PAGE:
'Oh, what a story, oh what a joy!'
We are taken on the journey from rags to riches of the Argentinian first lady, Eva Peron. From the moment the curtain went up we knew we were in for something special.
Originally a novel written by Roddy Doyle and then a film directed by Alan Parker, The Commitments has now become a smash hit, west end musical that has captured widespread attention from theatre fanatics. The story is set in North Dublin and tells the story of Jimmy Rabbitte, played by Andrew Linnie, as he attempts to assemble a group of young, working class musicians and singers to form a soul band. There is a political undertone throughout the show with the repeated mantra that ‘the hardest working band in the world’ were bringing soul to the working-class people. Although soul music is originally rooted in Southern America, The Commitments make it their own with an added raw edge that only the north of Dublin could bring.
Michael Flatley's name is synonymous with dance and for over 20 years, he has travelled the world selling out huge venues with his Irish dance show; Lord of the Dance.
From the shows humble beginnings opening at the Point Theatre in Dublin this show has travelled to every corner of the earth and has broken numerous records and won a wealth of awards and accolades. Now after 20 years of success, the show has been updated and reinvented in its current guise as Lord of the Dance - Dangerous Games.
A new year and a new challenge: an opera. I really enjoy the theatre, especially musicals and I have eclectic tastes in music, which includes the classical genre, but I have never been to an opera before tonight. What a sublime experience!
Scottish Opera’s production of The Marriage of Figaro by Mozart, was a feast for the eyes, ears and emotions. This is a revival of the 2010 production, designed by Simon Higlett and Mark Johnathan and expertly directed by Sir Thomas Allen. This opera, in four acts, was ﬁrst performed in 1786.
Top Notch Entertainment & Unadulterated Fun
It is a little-known fact that over 150 years ago, the site of the Liverpool Playhouse was once that of a successful music hall called the Star with a beautiful star-shaped mosaic in the current building’s disused box-office area serving as one of the few reminders of this part of the Playhouse’s history. Playwright Michael Wynne who wrote a warm-hearted family drama to celebrate the re-opening of the Everyman in 2014 has now performed a similar feat with this tribute to the heyday of the music hall and whose legacy today is seen in shows such as Britain’s Got Talent.
Little Red strayed the path of the forest and found herself in the dangerous company of the Big Bad Wolf today at Liverpool's Unity Theatre. Breaking the rules so clearly set by her Mum and Grandma, eagerly trying to prove she is not a little girl.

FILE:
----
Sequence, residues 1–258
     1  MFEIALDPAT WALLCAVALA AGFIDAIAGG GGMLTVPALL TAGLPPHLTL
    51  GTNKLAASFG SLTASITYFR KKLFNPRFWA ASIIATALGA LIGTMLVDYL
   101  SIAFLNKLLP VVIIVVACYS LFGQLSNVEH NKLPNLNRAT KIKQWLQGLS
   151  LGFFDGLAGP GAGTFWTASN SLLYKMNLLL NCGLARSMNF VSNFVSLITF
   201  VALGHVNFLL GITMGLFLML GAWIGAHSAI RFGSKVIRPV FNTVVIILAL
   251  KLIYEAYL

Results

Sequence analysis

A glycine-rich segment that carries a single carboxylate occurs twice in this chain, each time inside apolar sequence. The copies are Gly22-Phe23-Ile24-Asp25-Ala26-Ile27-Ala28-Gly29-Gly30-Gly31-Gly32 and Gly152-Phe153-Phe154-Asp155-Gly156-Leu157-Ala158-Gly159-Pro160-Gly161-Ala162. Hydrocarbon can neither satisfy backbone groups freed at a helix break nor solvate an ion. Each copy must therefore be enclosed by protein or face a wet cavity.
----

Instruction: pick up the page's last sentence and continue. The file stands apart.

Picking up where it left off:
Grin Theatre presents us with six dark monologues, written by six local writers, in celebration of the theatre company’s sixth anniversary.
The uniting theme that links the monologues is the title ‘Dark Voices’ and darkness takes many forms. All but one of the monologues were delivered directly to us, the audience, in the intimate setting of View Two Gallery.
Liver Birdsong gives us 'hope out of hell'
The story centralises on four strong women, who work at a factory in Liverpool during the second world war. We see their journey through what was described as “the single worst civilian incident of the war.” - Churchill.
The opening was performed by the large orchestra who had been tuning up in the pit whilst the audience were arriving. From the get go, it was obvious that we were in the presence of expert musicians, and they played meticulously throughout. It comes as no surprise of course, especially from a company as renowned as English National Ballet, but their effortless playing still never ceases to amaze.
Lively and Topical, Funny and Chilling
Following the closure of their much-loved fringe venue earlier in the year, the Lantern Theatre team have returned with their biggest production, a revival of a black comedy which was first performed at the Playhouse Studio in 1997 and tells the story of the Liverpool People’s Party and its call for Liverpool to be recognized as an independent republic by the UN, the EU, NATO and of course most importantly UEFA. All these organisations existed 9 years ago when writer Andrew Cullen penned this piece and whilst their respective futures look less than promising at the current time, any other topical references have been brought up to date in this production by director Margaret Connell which involves a cast of 10 playing some 30 characters.
Whilst a show about assisted suicide might not be the first choice for an evening of entertainment the cast of Assisted Suicide the Musical prove even the most taboo subjects can elicit a laugh. Liz Carr’s humour-filled exploration of such a divisive subject lives up to the expectations that the inclusion of ‘musical’ in its title creates, adding another a-typical musical the ever growing list of British musical theatre productions exploring non-traditional topics (the National Theatre is currently hosting a musical about cancer!). Indeed, in the current political and global climate Assisted Suicide: The Musical expands its scope to comment on the culture of fear that we constantly inhabit as Carr – who many may recognise from Silent Witness – explains her stance against assisted suicide in this “TED talk with songs”.